Thanksgiving is the quintessential American holiday. Or so we think.
We tend to believe that the Pilgrims invented the holiday when they held a feast to celebrate their successful fall harvest. However, they borrowed the tradition from the English.
And the English celebration is nowhere as ancient as the Japanese national holiday known as Kinro Kansha no Hi (“Labor Thanksgiving Day”), which goes back more than two thousand years. The Chinese have been celebrating their version of thanksgiving even longer, with a Mid-Autumn Festival that goes back 2,500 years.
Why is giving thanks such a universal phenomenon? Because it’s so good for us.
The relationship between optimism and health
One problem some of us face on this Thanksgiving Day is that we don’t feel like giving thanks. If we’re facing hardships, Thanksgiving can be more obligatory than celebratory.
However, it’s when we don’t feel like being thankful that we most need to be thankful.
Time recently published a fascinating article titled “6 Ways to Instantly Be a More Positive Person.” The author notes that optimism is essential to our overall health.
For instance, when Harvard researchers studied seventy thousand women over an eight-year period, they discovered that the most optimistic quartile had an almost 30 percent lower risk of dying from several major causes of death compared with women in the least optimistic quartile.
How can we be more positive, whatever our circumstances or challenges?
The Time article encourages us to “savor the good,” “set reminders” such as positive quotes where we can see them, “do something nice for someone else,” “phone a friend” for help with challenges, and “say thanks.” The last suggestion is important because, as one expert notes, our interpretation of events influences our emotions more than the events themselves.
“Reframe or divert”
At the top of Time‘s list, however, is this vital suggestion: “Reframe or divert.”
Psychologists encourage us to accept what we cannot change, then reframe the situation in a way that looks for opportunities in the midst of challenges. If we cannot do this, we should divert our attention elsewhere, focusing on something positive.
Reframing is an essential and transformational biblical principle.
We have been exploring this week the biblical command to “give thanks in all circumstances” (1 Thessalonians 5:18). I noted on Tuesday that Paul taught us to give thanks in our circumstances, not necessarily for them. But then I discovered this text: “Be filled with the Spirit . . . giving thanks always and for everything to God the Father in the name of our Lord Jesus Christ” (Ephesians 5:18, 20, my emphasis). Not in everything, but for everything.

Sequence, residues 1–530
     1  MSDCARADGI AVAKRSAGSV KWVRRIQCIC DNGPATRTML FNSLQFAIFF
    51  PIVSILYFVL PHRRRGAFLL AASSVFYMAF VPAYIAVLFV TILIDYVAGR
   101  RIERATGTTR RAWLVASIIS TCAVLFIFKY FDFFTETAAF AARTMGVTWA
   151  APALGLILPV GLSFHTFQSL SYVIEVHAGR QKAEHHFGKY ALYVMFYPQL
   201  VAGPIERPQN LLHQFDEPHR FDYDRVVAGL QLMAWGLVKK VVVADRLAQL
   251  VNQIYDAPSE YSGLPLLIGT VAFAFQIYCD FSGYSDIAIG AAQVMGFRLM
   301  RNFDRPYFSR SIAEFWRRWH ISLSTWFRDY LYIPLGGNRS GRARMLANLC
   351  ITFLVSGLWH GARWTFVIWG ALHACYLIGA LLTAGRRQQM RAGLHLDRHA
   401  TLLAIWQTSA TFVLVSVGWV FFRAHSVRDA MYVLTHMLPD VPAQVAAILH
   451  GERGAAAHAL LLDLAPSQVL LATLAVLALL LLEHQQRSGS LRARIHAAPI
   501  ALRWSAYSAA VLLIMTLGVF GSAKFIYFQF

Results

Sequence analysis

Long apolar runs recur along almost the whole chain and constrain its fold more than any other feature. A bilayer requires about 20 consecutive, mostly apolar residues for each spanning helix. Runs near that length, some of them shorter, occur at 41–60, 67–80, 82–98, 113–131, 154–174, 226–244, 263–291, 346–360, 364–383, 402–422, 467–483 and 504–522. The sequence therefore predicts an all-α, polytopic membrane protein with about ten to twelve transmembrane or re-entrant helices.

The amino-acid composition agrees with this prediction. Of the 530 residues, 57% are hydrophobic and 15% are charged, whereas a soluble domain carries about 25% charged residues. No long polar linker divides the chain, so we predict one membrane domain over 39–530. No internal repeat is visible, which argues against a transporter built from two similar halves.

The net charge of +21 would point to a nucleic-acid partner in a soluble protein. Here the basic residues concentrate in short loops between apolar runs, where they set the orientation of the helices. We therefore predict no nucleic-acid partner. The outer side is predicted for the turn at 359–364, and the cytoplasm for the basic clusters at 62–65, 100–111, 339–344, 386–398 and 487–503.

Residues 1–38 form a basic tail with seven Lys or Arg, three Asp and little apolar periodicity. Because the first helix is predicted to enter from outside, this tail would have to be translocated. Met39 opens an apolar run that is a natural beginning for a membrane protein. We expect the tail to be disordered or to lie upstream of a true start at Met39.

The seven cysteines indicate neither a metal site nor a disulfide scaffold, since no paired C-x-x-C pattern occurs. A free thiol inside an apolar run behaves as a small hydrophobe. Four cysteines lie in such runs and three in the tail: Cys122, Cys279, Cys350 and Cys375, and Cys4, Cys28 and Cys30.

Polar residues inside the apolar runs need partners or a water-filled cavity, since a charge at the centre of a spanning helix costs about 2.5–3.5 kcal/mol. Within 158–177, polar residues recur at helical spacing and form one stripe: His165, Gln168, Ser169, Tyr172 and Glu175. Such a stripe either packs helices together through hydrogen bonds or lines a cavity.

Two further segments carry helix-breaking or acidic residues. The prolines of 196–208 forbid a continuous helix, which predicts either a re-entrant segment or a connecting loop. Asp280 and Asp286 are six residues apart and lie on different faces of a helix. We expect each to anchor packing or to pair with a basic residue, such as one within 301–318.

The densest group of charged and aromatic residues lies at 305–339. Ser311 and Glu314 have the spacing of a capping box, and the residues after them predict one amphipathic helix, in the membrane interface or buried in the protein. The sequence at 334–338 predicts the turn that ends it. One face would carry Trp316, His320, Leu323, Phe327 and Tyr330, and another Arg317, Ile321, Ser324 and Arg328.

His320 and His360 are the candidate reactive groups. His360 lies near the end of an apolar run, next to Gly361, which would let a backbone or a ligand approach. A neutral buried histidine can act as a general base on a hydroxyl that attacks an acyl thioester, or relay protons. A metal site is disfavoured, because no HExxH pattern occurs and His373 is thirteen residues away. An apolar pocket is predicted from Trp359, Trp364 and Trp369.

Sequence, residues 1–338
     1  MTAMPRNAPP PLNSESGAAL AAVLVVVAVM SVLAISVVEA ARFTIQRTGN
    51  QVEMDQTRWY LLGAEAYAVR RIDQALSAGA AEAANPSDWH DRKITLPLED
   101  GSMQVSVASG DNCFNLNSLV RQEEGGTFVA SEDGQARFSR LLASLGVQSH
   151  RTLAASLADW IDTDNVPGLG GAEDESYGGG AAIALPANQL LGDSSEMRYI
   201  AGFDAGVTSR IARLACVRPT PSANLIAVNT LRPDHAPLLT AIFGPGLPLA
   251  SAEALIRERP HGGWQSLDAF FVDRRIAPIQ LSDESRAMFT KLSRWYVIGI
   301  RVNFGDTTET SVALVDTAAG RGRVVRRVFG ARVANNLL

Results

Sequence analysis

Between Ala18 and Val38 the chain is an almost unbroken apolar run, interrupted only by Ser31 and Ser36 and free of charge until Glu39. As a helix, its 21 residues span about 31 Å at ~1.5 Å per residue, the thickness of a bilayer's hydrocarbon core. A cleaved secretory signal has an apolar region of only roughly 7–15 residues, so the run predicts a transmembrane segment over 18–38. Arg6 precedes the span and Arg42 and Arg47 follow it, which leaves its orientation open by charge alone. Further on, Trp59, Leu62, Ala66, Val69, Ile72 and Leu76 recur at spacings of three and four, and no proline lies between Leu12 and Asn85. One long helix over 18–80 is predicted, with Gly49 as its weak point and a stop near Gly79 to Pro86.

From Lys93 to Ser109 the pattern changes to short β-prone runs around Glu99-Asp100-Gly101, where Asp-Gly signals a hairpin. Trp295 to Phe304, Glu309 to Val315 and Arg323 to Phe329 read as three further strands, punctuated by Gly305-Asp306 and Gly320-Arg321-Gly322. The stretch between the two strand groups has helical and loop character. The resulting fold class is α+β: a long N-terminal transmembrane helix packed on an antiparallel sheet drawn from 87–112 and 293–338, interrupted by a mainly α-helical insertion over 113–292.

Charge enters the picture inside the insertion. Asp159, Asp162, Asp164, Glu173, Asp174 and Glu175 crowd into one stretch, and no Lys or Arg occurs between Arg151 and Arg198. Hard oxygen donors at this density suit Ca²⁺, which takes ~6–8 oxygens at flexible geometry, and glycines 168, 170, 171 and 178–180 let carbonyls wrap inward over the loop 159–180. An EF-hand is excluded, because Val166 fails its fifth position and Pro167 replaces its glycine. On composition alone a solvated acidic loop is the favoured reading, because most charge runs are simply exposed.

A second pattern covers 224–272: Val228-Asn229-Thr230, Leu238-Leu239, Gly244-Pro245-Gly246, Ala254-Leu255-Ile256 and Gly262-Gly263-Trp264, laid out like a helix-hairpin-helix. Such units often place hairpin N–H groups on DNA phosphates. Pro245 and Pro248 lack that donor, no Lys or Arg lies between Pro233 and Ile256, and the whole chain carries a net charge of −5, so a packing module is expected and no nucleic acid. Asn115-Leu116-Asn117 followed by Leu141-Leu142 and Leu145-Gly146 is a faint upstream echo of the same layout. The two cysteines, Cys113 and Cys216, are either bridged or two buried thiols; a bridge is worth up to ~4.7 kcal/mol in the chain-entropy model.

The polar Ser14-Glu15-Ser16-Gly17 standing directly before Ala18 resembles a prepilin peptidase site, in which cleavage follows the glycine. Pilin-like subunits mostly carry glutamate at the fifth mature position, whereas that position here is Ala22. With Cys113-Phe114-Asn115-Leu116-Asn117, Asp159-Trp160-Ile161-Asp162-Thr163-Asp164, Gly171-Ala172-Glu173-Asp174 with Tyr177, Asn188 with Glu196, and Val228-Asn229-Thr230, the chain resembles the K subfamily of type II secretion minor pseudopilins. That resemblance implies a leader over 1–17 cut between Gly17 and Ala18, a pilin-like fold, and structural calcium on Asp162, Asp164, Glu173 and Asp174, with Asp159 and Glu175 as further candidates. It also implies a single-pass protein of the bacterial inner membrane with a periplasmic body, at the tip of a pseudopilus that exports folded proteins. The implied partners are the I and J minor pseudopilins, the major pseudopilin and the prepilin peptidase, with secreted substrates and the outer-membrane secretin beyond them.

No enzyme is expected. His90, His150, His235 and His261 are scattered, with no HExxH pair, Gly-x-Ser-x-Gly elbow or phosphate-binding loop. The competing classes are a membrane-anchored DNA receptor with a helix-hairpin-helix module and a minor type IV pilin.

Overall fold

How do we reconcile the two commands?
When we are in hard places, we can always find a reason to be grateful for them if we will focus not on the challenge but on God’s redemption.
I often note that God redeems all he allows. Sometimes he redeems challenges for a greater good by using them to guide us into a better future. (Remember that Joseph went from the pit to prison on his way to Pharaoh’s palace.) At other times, he uses difficulty to grow us spiritually. (Remember Paul’s “thorn in the flesh” that taught him greater dependence on the Lord.)
And sometimes, our Father redeems our present problems in ways we will not see until a future day. Paul testified: “I consider that the sufferings of this present time are not worth comparing with the glory that is to be revealed to us” (Romans 8:18). In such times, we can choose to be thankful not for what our Father has done but for what he will do.
How life “becomes rich”
The first Thanksgiving in America was held by fifty-three pilgrims in 1621. While they celebrated their fall harvest, they mourned their forty-nine fellow colonists who had died of disease and starvation.
The first proclamation formalizing Thanksgiving as an annual holiday was issued by President Abraham Lincoln in 1863. Our nation was in the midst of the Civil War, which caused almost as many deaths as all our other wars combined.
Thanksgiving is God’s command to us because giving thanks is best for us. Not just today, but every day of the year. Not just in our present circumstances, but in “all circumstances” (1 Thessalonians 5:18).
Dietrich Bonhoeffer, the martyred German theologian, noted: “It is only with gratitude that life becomes rich!”
How rich will you be today?